“….The term exceptional circumstances is not defined. There can be many circumstances which are exceptional as the term in essence implies. An urgent serious medical operation necessitating the accused’s absence is one that springs to mind. A terminal illness may be another. It would be futile to attempt to provide a list of possibilities which will constitute such exceptional circumstances. To my mind, to incarcerate an innocent person for an offence which he did not commit could also be viewed as an exceptional circumstance. Where a man is charged with a commission of a Schedule 6 offence when everything points to the fact that he could not have committed the offence because, e.g. he has a cast-iron alibi, this would likewise constitute an exceptional circumstance.”

[35] The point of departure in casu, which distinguishes the Applicant’s circumstances to those referred to by the Learned Ota J in the Mzwandile Dlamini Case (supra) is that there is no “cast-iron” alibi that was even alleged by the Applicant in his Founding Affidavit. In casu, the Court herein is swayed by the contents of the Investigating Officer’s Answering Affidavit. This Court is emboldened in doing so, by reliance on the authority of the case of S v Hlongwa 1979 (4) SA at pages 114 to 115 where the following was stated:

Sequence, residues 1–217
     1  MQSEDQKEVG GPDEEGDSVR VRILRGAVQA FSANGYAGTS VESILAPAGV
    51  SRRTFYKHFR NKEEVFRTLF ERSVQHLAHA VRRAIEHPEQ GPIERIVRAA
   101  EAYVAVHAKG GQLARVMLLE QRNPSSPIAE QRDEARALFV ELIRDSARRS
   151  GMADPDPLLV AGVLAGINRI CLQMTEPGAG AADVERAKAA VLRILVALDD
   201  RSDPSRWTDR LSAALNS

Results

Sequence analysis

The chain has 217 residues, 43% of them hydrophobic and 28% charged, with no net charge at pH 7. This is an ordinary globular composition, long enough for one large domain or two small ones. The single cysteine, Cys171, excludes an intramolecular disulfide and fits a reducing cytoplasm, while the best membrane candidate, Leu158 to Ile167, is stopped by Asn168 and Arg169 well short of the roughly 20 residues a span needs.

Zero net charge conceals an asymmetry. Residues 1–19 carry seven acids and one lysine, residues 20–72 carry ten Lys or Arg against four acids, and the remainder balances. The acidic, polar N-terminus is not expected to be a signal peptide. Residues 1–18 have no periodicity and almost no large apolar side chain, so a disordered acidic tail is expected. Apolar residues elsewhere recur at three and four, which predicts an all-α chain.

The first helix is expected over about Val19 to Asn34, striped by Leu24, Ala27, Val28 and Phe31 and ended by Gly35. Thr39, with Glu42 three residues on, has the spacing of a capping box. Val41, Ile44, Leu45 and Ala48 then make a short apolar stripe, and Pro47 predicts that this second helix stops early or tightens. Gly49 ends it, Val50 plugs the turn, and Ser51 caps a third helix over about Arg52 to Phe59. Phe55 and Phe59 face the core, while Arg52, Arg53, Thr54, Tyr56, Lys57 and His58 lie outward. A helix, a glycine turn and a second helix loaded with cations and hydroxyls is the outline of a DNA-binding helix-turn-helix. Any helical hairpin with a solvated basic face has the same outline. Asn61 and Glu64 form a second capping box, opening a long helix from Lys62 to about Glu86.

The Court may rely on the Investigating Officer’s opinion even though his opinion is unsupported by direct evidence.”

[36] Although the Applicant’s Attorney opined that this case is too old, and pre-dates the Bill of rights as contained in our Constitution of the year 2005, this Court is moved to align itself with this finding. This Court aligns itself with various other Judgments of this Court which have cited the S v Hlongwa Case (supra) with approval. (see: Zwelibanzi Simelane v Rex High Court Criminal Case No. 88/22 and Musa Waga Kunene v Rex Criminal Appeal Case No. 03/2016).

[37] The above cited cases all being determined after the coming into force of our Constitution in the year 2005, but nevertheless, the Learned Justices in those cases saw it fit to align themselves with the S v Hlongwa Case (supra), and cited it with approval. The Court herein, having regard to all of the foregoing, has arrived at a conclusion that the points of law as raised by the Respondent herein is upheld. The Court in the exercise of its discretion, finds that the Applicant has not proved the existence of exceptional circumstances that warrant his release on bail. As a consequence,I am of the view that bail ought to be denied in this matter, and I so order.